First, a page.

Mr. Simons said ‘learn’
Mr. Simons died this past week. Mr. Simons was one of those teachers who changed more than one student’s life. He changed mine, for one. He’s a big reason why I am in the writing profession. His name was Bob Simons, but like every kid like me who took his English classes at Aspen Middle School, he’ll always be Mr. Simons, in the same way that the Broncos coach is Coach Shanahan to his players, and never “Mike.”Mr. Simons, with his generous moustache and toothy grin, never tried to be any kids’ best friend. He wasn’t the least bit interested in winning most-popular-teacher accolades. Instead, he knew exactly why he was a teacher. He was there to inspire, to demand, and to energize his students. It worked. To get his students where he required them to be, he could be downright mean, and downright scary. One of Mr. Simons’ fingers, I think on his right hand, had been chopped off, and so he used that mangled finger as a kind of weapon. If you were blowing it – acting out, misbehaving, messing with his classroom in any way – he’d stab that finger right at you. He got his point across with that finger. Yikes. Nobody wanted any part of “the finger” in Mr. Simons’ class. Mr. Simons commanded respect. He also brought out in his students a desire to learn what he was teaching. He used seat assignments for each of his classes. With study tables lined up in four or five horizontal rows, the top student sat in the left-hand seat in the first row. The least productive student sat in the right-hand seat in the back row. In Mr. Simons’ class, there wasn’t anybody who wanted to sit in the back row. He turned that whole premise of hanging and just getting by in the back row on its ear. Everybody strove to get as close the the front as possible. And I mean everybody. I still have papers from Mr. Simons’ class that he graded more than 30 years ago. He used a big, fat, red Sharpie to grade our essays and our grammar tests. When you got a good grade from Mr. Simons, you’d walk a little taller. You earned something when you impressed Mr. Simons.Since eighth grade, I haven’t kept in close touch with Mr. Simons. I’ve always known he was an avid fly fisherman. I know that he and his wife, Kay, moved to Grand Junction awhile back. I know he liked to play golf. And I know he’s been on dialysis for a few years. I wrote a note to the Simons’ a couple years ago after I read in The Aspen Times he wasn’t feeling well, I and got a sweet note back from Kay. In my note I wrote that Mr. Simons was a big influence in my pursuing writing as a career. I’m so glad now I wrote that to him.Now that he’s gone, In a way I feel like a little piece of Mr. Simons is in these words I write today. Mr. Simons has died, but his energy, his passion for the English language, lives on in me and so many others. Carrie Click is the editor and general manager of The Citizen Telegram in Rifle. Thank you, Mr. Simons. Carrie can be reached at (970) 625-3245, ext. 101, firstname.lastname@example.org.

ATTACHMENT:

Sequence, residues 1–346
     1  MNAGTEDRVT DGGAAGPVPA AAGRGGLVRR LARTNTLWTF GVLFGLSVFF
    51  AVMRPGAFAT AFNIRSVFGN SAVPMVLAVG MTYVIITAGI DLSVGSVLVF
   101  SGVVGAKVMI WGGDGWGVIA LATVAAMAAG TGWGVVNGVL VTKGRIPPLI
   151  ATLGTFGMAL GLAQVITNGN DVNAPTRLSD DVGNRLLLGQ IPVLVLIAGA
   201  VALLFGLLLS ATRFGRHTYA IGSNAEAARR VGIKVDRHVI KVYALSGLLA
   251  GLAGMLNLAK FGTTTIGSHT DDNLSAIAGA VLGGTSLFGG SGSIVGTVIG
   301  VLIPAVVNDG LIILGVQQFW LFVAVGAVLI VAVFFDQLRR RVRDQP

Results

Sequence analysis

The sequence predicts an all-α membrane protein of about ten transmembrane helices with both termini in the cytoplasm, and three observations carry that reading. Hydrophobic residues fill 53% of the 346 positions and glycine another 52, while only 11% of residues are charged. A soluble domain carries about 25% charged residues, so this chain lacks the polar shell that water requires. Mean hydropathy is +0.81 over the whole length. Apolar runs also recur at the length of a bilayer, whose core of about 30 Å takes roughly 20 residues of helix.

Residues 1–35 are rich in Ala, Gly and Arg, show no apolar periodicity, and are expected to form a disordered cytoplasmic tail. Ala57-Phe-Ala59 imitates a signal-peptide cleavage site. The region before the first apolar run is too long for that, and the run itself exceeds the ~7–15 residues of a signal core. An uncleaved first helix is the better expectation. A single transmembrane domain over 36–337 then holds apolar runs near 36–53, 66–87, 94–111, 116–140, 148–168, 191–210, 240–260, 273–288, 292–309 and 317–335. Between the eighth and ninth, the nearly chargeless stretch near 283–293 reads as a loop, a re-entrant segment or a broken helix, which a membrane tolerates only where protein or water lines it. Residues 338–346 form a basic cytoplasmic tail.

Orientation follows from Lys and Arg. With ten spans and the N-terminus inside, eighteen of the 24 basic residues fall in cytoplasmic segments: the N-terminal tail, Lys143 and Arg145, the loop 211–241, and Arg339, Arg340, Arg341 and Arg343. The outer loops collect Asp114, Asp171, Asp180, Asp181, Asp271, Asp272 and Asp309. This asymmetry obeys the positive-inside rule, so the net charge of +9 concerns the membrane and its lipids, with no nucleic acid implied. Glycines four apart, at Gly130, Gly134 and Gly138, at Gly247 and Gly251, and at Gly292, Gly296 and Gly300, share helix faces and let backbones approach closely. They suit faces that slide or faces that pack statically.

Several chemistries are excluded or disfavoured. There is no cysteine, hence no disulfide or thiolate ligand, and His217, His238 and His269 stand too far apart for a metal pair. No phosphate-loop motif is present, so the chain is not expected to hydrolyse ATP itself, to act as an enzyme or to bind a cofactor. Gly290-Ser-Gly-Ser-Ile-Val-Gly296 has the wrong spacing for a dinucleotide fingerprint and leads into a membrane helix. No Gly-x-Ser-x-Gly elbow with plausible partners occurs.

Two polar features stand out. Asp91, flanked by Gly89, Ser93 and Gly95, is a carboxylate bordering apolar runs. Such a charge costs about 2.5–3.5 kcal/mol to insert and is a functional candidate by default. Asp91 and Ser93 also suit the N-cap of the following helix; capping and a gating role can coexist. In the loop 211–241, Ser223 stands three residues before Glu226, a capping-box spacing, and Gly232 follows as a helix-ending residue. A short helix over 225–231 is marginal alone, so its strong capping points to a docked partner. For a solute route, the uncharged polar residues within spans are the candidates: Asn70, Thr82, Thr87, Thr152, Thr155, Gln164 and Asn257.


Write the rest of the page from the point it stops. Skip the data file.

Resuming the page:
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In a fraction of a second I went from a full sprint to skidding across the ground — pea-sized gravel gashing my knees and elbows, turning them into strawberry crisp.